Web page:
Agriculture Secretary William Dar said agriculture offers today’s young generation a chance to make a difference by growing enough food to feed not only the hungry in the Philippines, but also in other countries.

Speaking to members of various youth organizations and individuals, Dar emphasized that youth involvement is critical in the current state of the agriculture sector to attain a food-secure nation with lesser hungry people and families.

“For many years now, the barriers to agricultural progress have been low productivity and dire lack of value-adding rural enterprises. These two obstacles have resulted in the erratic growth of the sector over the past 10 years,” the agriculture chief said during the virtual 3rd Consumer Youth E-Forum, organized by the Department of Trade and Industry (DTI).

“Youth engagement in agriculture is one of the key strategies we are implementing under our ‘OneDA Reform Agenda’.”

“Youth engagement in agriculture is one of the key strategies we are implementing under our ‘OneDA Reform Agenda.’ We recognize that young Filipinos have the most to gain from our future-oriented development agenda. That is why we have invested in key programs to attract the skills, talents, and vigor of the Filipino youth into agriculture and agribusiness,” the agriculture head stressed.

“The youth has the advantage of guts and idealism. You don’t censor seemingly crazy ideas with the cynicism experience has taught some baby boomers,” he added.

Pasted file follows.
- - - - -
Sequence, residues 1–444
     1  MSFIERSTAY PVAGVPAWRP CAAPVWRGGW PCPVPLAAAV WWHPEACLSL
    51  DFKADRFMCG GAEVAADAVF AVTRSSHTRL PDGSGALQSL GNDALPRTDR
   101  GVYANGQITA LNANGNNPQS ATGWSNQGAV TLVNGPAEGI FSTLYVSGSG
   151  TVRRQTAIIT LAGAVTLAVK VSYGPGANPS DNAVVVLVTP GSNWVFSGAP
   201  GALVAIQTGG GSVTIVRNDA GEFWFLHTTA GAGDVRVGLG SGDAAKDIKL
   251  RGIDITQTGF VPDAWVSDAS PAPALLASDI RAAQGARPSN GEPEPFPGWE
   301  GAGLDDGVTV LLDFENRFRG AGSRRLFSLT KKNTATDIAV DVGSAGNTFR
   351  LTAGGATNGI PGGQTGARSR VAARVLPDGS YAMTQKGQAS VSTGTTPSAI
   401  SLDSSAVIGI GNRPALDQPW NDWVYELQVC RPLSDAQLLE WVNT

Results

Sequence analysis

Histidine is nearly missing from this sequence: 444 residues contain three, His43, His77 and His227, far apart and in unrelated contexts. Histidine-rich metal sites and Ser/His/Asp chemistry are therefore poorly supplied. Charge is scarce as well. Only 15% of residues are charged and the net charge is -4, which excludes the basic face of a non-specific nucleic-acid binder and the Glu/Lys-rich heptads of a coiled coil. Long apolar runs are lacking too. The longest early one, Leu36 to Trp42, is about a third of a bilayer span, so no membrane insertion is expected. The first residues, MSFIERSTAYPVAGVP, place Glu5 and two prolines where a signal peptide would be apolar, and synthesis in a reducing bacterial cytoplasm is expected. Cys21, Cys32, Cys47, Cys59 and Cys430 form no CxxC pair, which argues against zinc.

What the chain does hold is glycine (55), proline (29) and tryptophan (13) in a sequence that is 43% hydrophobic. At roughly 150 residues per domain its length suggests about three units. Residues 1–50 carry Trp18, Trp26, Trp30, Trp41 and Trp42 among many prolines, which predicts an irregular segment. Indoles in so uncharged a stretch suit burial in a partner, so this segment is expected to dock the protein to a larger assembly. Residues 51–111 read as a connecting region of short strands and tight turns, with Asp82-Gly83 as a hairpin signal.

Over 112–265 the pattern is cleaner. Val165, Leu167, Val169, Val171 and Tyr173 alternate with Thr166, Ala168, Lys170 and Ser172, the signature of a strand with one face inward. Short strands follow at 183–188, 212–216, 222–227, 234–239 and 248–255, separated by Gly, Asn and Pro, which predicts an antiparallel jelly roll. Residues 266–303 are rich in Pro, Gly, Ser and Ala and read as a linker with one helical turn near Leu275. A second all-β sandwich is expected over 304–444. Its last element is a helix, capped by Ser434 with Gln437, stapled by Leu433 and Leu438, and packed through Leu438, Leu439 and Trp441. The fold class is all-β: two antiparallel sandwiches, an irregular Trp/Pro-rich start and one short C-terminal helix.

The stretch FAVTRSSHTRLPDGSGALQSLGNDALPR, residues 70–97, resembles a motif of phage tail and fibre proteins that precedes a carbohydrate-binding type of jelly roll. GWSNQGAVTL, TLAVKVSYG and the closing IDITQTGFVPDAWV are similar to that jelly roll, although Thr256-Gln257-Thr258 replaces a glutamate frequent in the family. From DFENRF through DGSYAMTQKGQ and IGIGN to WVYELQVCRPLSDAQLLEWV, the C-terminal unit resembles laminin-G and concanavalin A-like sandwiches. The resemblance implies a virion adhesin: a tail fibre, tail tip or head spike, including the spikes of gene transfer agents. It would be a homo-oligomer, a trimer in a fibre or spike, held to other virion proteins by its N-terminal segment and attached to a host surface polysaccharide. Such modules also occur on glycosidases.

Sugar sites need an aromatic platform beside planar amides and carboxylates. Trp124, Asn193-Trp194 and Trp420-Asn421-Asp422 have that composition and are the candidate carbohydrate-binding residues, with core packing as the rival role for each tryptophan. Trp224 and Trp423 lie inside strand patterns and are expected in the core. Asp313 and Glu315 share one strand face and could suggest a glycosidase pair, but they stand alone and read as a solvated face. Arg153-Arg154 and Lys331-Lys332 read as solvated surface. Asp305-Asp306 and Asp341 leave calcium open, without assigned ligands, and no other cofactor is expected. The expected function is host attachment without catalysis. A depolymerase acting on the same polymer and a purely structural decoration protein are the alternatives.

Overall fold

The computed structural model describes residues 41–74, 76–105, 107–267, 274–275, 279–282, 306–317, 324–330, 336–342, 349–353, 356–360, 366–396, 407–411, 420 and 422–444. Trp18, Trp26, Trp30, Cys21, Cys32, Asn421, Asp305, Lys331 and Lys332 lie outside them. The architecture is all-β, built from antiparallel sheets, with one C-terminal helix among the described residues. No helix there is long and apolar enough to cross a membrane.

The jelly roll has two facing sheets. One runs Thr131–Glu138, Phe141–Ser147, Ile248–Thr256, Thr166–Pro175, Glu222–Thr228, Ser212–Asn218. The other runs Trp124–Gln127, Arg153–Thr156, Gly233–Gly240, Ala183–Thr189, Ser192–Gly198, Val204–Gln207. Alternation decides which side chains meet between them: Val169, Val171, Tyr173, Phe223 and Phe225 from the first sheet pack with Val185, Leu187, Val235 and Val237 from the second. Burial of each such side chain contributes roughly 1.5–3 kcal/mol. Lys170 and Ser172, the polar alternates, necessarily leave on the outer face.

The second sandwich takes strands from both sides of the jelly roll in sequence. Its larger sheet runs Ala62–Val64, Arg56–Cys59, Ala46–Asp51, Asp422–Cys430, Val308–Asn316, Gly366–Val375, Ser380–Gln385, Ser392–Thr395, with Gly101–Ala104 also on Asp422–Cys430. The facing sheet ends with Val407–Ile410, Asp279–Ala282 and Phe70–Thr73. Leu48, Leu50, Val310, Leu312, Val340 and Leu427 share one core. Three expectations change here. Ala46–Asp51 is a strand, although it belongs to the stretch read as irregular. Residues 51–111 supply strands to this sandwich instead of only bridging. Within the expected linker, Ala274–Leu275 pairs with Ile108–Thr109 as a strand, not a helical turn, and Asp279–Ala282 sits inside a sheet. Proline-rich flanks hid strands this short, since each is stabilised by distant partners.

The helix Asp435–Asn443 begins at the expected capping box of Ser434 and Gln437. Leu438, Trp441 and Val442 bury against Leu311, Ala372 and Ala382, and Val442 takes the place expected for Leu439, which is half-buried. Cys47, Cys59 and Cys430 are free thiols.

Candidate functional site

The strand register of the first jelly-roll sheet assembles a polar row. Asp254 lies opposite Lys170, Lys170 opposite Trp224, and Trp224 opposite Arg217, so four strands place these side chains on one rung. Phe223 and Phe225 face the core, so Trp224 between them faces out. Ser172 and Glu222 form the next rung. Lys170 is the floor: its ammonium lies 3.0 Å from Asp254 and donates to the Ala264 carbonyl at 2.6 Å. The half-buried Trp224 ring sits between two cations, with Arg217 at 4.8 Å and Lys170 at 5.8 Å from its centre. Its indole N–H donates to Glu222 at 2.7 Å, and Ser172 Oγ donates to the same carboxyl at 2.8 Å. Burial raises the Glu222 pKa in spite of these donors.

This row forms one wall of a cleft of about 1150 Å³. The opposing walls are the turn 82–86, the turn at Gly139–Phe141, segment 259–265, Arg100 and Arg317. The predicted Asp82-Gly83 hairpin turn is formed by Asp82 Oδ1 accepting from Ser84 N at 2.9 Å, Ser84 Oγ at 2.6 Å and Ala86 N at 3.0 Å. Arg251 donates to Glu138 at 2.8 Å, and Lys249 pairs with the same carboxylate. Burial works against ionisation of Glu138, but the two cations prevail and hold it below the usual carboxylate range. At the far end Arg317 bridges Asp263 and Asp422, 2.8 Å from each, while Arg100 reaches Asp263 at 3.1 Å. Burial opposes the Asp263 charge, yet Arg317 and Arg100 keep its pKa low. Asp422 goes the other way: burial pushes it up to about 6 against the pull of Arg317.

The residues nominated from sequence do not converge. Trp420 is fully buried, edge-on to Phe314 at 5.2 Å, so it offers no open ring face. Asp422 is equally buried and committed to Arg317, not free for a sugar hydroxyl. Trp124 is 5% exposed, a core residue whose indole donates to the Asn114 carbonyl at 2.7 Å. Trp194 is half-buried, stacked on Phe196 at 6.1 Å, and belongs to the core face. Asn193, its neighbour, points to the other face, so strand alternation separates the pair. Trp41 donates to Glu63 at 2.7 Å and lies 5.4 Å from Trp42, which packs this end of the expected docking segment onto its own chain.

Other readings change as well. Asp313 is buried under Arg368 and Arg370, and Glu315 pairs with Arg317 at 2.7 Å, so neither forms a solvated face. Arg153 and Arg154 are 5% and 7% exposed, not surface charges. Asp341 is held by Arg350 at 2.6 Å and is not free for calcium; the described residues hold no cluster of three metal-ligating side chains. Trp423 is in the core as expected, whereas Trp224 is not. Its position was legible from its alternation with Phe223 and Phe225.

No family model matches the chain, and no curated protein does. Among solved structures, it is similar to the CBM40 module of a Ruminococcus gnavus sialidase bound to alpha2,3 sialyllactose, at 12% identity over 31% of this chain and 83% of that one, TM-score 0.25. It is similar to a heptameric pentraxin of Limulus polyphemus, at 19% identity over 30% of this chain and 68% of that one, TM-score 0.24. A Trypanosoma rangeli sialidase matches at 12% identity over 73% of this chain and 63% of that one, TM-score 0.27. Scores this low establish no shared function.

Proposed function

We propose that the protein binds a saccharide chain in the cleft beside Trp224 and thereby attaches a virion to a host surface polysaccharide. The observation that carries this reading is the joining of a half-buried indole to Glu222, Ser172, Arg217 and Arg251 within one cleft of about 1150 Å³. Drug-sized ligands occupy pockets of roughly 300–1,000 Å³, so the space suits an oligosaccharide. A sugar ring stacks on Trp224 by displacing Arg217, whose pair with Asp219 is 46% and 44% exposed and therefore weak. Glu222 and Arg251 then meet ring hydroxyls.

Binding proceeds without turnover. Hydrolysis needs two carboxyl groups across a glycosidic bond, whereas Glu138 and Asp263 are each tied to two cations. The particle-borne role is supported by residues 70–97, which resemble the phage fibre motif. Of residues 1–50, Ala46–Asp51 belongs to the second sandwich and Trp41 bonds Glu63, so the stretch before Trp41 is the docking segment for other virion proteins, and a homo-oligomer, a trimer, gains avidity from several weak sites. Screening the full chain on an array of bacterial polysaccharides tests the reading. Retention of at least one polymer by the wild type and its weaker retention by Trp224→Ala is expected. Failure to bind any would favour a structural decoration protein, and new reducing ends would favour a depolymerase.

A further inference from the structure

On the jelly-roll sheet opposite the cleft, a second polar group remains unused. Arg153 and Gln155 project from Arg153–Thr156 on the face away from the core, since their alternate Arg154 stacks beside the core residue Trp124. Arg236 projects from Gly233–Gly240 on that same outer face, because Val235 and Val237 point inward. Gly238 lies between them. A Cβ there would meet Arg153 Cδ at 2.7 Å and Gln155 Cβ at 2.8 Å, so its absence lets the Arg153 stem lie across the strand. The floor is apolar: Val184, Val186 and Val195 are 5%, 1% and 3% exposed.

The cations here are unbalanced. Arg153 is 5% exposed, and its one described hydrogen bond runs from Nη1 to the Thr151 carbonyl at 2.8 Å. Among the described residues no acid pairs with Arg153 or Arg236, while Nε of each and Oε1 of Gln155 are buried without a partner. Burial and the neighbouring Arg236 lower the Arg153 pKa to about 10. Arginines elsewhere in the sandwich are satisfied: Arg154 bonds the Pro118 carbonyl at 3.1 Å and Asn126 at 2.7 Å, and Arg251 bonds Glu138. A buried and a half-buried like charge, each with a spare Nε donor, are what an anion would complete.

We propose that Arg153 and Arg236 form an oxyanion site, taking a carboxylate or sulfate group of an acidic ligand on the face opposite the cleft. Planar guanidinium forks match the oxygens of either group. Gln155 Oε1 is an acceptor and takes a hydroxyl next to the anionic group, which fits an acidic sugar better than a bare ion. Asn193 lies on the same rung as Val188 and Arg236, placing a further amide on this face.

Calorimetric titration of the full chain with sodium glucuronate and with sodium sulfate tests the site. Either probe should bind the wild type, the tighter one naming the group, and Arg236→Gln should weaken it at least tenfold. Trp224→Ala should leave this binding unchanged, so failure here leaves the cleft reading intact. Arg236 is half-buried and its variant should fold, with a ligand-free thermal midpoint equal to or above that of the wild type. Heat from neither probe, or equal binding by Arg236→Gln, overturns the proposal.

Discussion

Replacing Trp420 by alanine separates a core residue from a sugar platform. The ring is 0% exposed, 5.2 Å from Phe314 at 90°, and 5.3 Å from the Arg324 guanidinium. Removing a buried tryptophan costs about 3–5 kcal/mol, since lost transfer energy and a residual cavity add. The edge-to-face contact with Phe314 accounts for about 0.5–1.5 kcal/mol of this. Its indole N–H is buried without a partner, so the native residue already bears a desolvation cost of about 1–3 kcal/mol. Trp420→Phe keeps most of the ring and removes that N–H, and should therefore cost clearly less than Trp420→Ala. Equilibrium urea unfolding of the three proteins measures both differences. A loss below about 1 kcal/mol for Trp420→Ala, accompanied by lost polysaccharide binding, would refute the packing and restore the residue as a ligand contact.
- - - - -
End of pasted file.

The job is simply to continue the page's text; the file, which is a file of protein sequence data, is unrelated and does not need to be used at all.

The “OneDA Reform Agenda” was designed to transform Philippine agriculture into a dynamic, high-growth sector that promotes investments and inclusive growth, Dar said.

To further improve the younger generation’s access to farming, the Duterte administration extends technical, livelihood, marketing, and financial support, and offers more opportunities through the “OneDA Family,” he added.

“Our nation is in need of talented young public servants and leaders.”

“As Secretary of Agriculture, I am committed to providing opportunities for the youth to ensure they would not only become the leaders of tomorrow, but also as agents of change, reform, and agricultural modernization. Our nation is in need of talented young public servants and leaders—especially in the field of agribusiness and food security,” Dar said.

The Philippines today has the largest generation of young people in its history. Thirty million young people between the ages of 10 and 24 account for 28 percent (%) of the population, according to the Philippine Statistics Authority.

For her part, DTI Undersecretary Ruth Castelo, who also spoke during the virtual forum, said that “it is high time to strengthen the value network and inclusivity for the youth in terms of food security and sustainability”.

Castelo cited the latest survey conducted by the Social Weather Stations, from June 23 to 26, 2021, that 13.6% or an estimated 3.4 million families experienced involuntary hunger, that is, hunger due to lack of food to eat at least once in the past three months.

“The upcoming generation of farmers has the opportunity to be the generation that will end world hunger and alleviate malnutrition, as well as help the sector adapt to climate change,” Dar concluded. 


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